This post-lecture reflection captures critical discussions from the 6th guest lecture of the Academic Forum delivered by Professor Mohsen al Attar, Dean of the University of West Indies Law School. The theme of the guest lecture was 'Decolonisation of International Economic Law'. Focusing on five tenets - capitalism, epistemology/knowledge, colonialism, international law and political economy – which Professor Mohsen used as a frame to foreground his analysis, this piece, explores the prospects and challenges of decolonising International Economic Law. In keeping with the Academic Forum's focus, it is argued that uncritical/Eurocentric approaches to teaching IEL in African universities hamper efforts to decolonise our epistemologies. In exploring alternate ways to re-frame, the global economic order, this piece also highlights the idea of 'social justice' as a valuable metric of development, i.e. socio-economic equity that raises the standard of living to the greatest extent relative to each of our circumstances.
Third World Approaches to International Law
This blog post highlights the International Law encounter at WBNUJS for the undergraduate programme in addition to the incidental confrontations with International Law for students and my reflections of the same.
My intervention here is premised on my experiences and my relationship to the teaching of CIL. Instead of directly engaging with the question—why teach critical international law—I offer two interconnected accounts of the teaching process. This unpacking takes place at the site of my identity as a pedagogue where these two strands of enquiry intersect—why did I choose to teach CIL and why did I choose to teach CIL. These enquiries are dynamic and through them, I hope to cover some ground on the teleological question.
Through our analysis of the course outlines of the above subjects, we have arrived at the conclusion that the LL.M program at SAU has the potential to make a significant contribution to the development of South Asian perspective of IL. All the compulsory courses taught at SAU address issues of international law relevant to South Asia, scholarly works focussing on South-Asian issues have been given due consideration, as have the works of South Asian and TWAIL scholars.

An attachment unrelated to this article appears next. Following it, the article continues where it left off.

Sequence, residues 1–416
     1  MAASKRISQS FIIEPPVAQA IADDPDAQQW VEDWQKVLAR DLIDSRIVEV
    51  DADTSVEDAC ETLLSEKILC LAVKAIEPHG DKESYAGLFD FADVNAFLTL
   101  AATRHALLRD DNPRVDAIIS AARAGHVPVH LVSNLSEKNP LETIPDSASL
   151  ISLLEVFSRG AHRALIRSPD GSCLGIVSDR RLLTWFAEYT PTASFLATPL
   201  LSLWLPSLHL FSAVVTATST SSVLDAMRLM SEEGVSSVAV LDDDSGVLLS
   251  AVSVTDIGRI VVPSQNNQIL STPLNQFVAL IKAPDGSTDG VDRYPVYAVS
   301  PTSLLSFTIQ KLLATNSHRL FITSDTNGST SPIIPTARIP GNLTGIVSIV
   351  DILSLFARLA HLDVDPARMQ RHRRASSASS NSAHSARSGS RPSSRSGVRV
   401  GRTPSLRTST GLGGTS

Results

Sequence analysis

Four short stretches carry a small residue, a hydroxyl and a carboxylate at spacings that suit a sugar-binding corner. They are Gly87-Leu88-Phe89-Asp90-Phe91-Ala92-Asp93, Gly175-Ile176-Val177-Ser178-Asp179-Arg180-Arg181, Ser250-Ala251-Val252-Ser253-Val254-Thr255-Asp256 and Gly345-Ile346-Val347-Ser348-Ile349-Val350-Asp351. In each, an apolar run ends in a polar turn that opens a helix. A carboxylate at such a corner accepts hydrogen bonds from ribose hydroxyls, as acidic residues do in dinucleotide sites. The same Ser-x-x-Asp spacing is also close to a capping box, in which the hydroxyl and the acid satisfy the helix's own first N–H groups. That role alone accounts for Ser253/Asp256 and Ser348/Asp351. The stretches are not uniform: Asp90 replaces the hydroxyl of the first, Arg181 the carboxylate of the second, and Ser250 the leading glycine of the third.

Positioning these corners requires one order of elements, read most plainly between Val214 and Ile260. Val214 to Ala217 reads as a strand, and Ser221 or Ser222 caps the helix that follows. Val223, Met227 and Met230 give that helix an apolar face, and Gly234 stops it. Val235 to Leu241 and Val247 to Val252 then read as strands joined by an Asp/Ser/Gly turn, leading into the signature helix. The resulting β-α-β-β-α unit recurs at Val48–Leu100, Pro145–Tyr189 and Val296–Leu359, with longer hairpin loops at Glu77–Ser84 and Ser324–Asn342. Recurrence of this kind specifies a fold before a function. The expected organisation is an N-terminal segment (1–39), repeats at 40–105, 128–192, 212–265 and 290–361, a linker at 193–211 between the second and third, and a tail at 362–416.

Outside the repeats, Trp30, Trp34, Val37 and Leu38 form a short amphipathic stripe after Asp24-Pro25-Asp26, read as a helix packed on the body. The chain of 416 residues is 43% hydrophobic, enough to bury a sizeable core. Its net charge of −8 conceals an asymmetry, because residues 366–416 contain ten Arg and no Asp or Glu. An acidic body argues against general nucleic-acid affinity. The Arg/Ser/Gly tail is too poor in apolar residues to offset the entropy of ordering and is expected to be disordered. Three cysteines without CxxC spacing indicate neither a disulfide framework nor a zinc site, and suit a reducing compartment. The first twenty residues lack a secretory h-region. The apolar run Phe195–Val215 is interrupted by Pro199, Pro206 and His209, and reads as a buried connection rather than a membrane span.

This special issue of the International Criminal Law Review particularly welcomes submissions that critically reflect on these questions in the context of transitional justice and resurgent authoritarianism and ongoing conflict.
This short piece argues that while these arguments may hold sway, host African states continue to have primary responsibility and should rise to their obligation to protect human rights of impacted communities against the harmful effects of TNCs’ activities. Moreover, the controversies surrounding the extraterritorial jurisdiction of states and the silence of international law regarding enforceable obligation on TNCs demonstrate the difficulty in embracing the newer approaches regarding the roles of home states and TNCs.
May 13, 2019
Afronomicslaw.org invited submissions on the teaching of international economic law, (IEL), in Africa to reflect on a number of questions. We asked the contributors to reflect on these questions: What materials did you use to teach? What teaching style did you adopt? Did you center Africa or make the materials relevant to an African context in the materials you used and if so how? For example, did you use of African case studies; or use African-specific materials (e.g. books, articles, cases, treaties)? Was the class required? How many enrolled in the class? How did you determine grades in the class? Did class participation count towards the grade? Did you have prior background in the area when you first taught the course e.g. in your graduate school education, in your research and scholarship, in practice? How would you say the students received the course? Did they find it interesting, relevant, or indifferent?
The adoption of imprecise and relaxed SDT provisions that can easily provide leeway for countries to evade SDT obligations will only work contrary to the stated objective of the Agreement to promote and attain sustainable and inclusive socio-economic development among State Parties. Just as Amartya Sen correctly puts it, “the central issue of contention is not globalization itself, nor is it the use of the market as an institution, but the inequity in the overall balance of institutional arrangements—which produces very unequal sharing of the benefits of globalization”